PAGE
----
We are a computational and theoretical neuroscience research group at the University of Maryland College Park, focused on understanding how the neural systems perform the complex computations underlying natural intelligence. We focus on the sensory cortex: studying both the computations underlying hierarchical processing of sensory information, and how this is modulated by top-down influences related to behavioral context and active sensing. We combine cutting-edge approaches in statistical computation and machine learning combined with state-of-the-art experimental neurophysiology recorded in collaboration with local and international collaborators.
OPPORTUNITIES FOR GRADUATE AND POSTDOCS. We are looking for postdocs and graduate students to work on funded projects described here. Experience in neuroscience background in quantitative disciplines is required. Please contact Dan Butts if you are interested.
OPPORTUNITIES FOR UNDERGRADUATE INVOLVEMENT. There are several opportunities for undergraduates to be involved in research projects in the lab, although requires a sufficient background in computer programming and applications of mathematics coursework up through linear algebra. Please contact Dan Butts if you are interested, and please be sure to send relevant information about your background.
- [09.10.22] A new preprint from Hendrikje Nienborg's lab was posted on bioRxiv: Activity in primate visual cortex is minimally driven by spontaneous movements, which Jake and I contributed to. [Twitter summary]
- [08.02.22] Felix's paper: Model-based characterization of the selectivity of neurons in primary visual cortex is officially out in the Journal of Neurophysiology.
- [06.14.22] Jake Yates posted a new preprint on bioRxiv with the Huk Lab describing critical comparisons between modulation of visual processing in V1 between rodent and primate using (in part) latent variable modeling: Running modulates primate and rodent visual cortex via common mechanism but quantitatively distinct implementation. [Preprint, Twitter summary]
- [05.16.22] Felix Bartsch presented our early results with the Conway lab studying foveal color processing in V1 at VSS in St. Petersberg FL.
- [11.10.21] We had two presentations at the [virtual] Society for Neuroscience Conference 2021 about the mechanisms and purpose of binocular integration in the primary visual cortex (presentations here):
P479.06: Amplification of disparity selectivity by spatial convolutions in the primary visual cortex presented by graduate student Felix Bartsch and in collaboration with Bruce Cumming (NIH) and Jenny Read (Newcastle University).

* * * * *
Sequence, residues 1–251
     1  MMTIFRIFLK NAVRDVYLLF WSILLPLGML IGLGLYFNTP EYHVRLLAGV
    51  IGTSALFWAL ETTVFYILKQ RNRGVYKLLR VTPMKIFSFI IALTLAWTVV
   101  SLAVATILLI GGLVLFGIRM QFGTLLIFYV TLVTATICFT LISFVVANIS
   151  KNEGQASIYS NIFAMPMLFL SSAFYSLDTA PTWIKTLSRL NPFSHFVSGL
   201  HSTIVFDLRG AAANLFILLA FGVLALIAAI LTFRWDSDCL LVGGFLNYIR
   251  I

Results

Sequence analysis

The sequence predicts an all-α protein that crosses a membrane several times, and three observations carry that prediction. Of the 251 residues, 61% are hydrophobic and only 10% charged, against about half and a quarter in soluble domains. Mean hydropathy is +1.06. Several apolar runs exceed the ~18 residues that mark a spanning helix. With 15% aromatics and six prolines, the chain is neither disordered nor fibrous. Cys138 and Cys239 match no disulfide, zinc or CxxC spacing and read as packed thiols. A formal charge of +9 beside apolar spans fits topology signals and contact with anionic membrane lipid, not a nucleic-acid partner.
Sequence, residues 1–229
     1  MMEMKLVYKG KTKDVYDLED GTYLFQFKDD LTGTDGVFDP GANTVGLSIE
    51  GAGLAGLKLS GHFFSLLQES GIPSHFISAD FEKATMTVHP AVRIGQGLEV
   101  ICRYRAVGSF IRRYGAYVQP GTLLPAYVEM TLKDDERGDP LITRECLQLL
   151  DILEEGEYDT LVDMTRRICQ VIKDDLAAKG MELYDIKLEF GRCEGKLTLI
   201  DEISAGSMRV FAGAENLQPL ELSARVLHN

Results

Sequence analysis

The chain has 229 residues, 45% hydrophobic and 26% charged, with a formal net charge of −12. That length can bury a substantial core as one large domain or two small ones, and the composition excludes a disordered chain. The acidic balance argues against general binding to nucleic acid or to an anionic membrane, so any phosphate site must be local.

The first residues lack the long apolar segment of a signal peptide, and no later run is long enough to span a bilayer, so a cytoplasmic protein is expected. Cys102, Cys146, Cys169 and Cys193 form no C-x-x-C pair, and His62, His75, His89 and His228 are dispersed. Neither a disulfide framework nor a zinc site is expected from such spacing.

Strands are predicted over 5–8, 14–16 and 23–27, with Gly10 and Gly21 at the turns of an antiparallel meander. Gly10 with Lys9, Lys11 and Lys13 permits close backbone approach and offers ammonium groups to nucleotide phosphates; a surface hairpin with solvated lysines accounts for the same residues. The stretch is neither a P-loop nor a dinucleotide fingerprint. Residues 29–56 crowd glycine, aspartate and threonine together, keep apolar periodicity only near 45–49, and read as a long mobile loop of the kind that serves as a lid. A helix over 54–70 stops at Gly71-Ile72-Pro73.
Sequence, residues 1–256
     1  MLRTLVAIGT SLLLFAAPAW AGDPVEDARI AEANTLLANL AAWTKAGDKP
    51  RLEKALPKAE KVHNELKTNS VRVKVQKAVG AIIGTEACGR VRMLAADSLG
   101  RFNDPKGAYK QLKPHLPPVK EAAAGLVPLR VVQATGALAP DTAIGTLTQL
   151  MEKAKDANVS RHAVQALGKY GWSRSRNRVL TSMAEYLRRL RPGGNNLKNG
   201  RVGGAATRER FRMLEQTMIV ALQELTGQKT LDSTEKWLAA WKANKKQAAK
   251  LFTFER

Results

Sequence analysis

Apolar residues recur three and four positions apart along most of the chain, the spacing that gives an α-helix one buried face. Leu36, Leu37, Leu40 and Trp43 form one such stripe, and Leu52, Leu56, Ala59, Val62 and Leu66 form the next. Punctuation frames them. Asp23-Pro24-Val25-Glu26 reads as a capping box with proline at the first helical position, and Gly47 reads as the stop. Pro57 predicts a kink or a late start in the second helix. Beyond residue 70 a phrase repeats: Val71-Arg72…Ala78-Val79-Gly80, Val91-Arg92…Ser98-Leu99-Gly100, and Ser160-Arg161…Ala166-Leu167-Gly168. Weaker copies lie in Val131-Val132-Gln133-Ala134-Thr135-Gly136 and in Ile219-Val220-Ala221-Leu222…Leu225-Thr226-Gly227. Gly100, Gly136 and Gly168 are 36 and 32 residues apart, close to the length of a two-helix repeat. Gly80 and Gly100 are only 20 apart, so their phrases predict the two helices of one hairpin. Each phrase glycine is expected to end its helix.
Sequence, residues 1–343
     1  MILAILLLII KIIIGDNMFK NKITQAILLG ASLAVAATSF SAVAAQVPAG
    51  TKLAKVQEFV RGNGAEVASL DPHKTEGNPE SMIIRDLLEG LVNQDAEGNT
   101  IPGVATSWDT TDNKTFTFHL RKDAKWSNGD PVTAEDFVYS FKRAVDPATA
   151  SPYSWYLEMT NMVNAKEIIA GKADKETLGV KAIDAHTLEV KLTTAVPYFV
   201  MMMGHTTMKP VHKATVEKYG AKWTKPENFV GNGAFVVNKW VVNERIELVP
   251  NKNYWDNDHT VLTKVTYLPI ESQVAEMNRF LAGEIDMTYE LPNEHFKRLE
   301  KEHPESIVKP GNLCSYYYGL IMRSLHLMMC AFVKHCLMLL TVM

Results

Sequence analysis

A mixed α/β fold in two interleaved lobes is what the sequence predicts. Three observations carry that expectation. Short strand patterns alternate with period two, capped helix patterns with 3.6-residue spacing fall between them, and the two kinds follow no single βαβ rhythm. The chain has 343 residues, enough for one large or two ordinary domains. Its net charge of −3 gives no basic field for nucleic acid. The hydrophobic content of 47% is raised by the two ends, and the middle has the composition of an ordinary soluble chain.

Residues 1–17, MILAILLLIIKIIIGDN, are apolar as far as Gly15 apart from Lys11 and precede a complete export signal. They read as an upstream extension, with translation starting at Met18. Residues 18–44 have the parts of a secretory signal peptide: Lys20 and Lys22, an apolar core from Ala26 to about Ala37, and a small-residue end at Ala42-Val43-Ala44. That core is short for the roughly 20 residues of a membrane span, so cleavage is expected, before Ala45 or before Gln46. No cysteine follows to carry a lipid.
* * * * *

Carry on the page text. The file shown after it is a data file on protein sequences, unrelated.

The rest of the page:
P479.05: Binocular integration as nonlinear mixing: how binocular neurons in primary visual cortex preserve eye-specific information for downstream visual processing presented by undergraduate student Ethan Chang.
- [11.08.21] Jake Yates posted a new preprint on bioRxiv: Beyond Fixation: detailed characterization of neural selectivity in free-viewing primates describing new Methods for studying neural processing of vision in free-viewing contexts, in collaboration with the Mitchell and Rucci labs at University of Rochester.
- [10.28.21] Craig Taswell from the Averback lab (NIH, co-advised by Dan Butts) successfully defended his Ph.D. dissertation: The role of ventral striatum and amygdala in reinforcement learning
- [10.07.21] Jake Yates accepted a faculty position at UC Berkeley School of Optometry starting in July 2022 (he will be recruiting -- stay tuned).
- [10.01.21] The National Science Foundation funded our NCS Foundations research proposal with the Briggs and Haefner Labs (University of Rochester): Active vision during natural behavior: More than meets the eye?
- [09.15.21] Felix Bartsch posted our new preprint on bioRxiv: Model-based characterization of the selectivity of neurons in primary visual cortex
- [09.01.21] The National Science Foundation funded our CRCNS research proposal with the Conway Lab (NIH): Computations for spatial-chromatic interactions and their physiological implementation in primary visual cortex
- [07.22.21] A joint study with the Nienborg lab (NIH) was published in Nature Communications: Decision-related feedback in visual cortex lacks spatial selectivity.
- [01.01.21] The NIH funded Jake Yates's K99/R00 career proposal: Neural mechanisms of active vision in the fovea.
- [01.09.20] A new lab preprint with Bruno Averbeck: A latent variable approach to decoding neural population activity is now up on bioRxiv.org.
- [09.17.19] Our statistical modeling review is out in Annual Review of Vision Science: Data-driven approaches to understanding visual neuron activity.
- [08.26.19] Our review on latent variable models and population activity The quest for interpretable models of neural population activity was published in Current Opinion in Neurobiology. [PDF]
- [06.18.19] Paper published with the Singer lab (UMD): Functional characterization of retinal ganglion cells using tailored nonlinear modeling has been published in Scientific Reports. [PDF]
- [04.27.19] Lab paper: Characterizing the nonlinear structure of shared variability in cortical neuron populations using latent variable models is now published in NBDT. [PDF]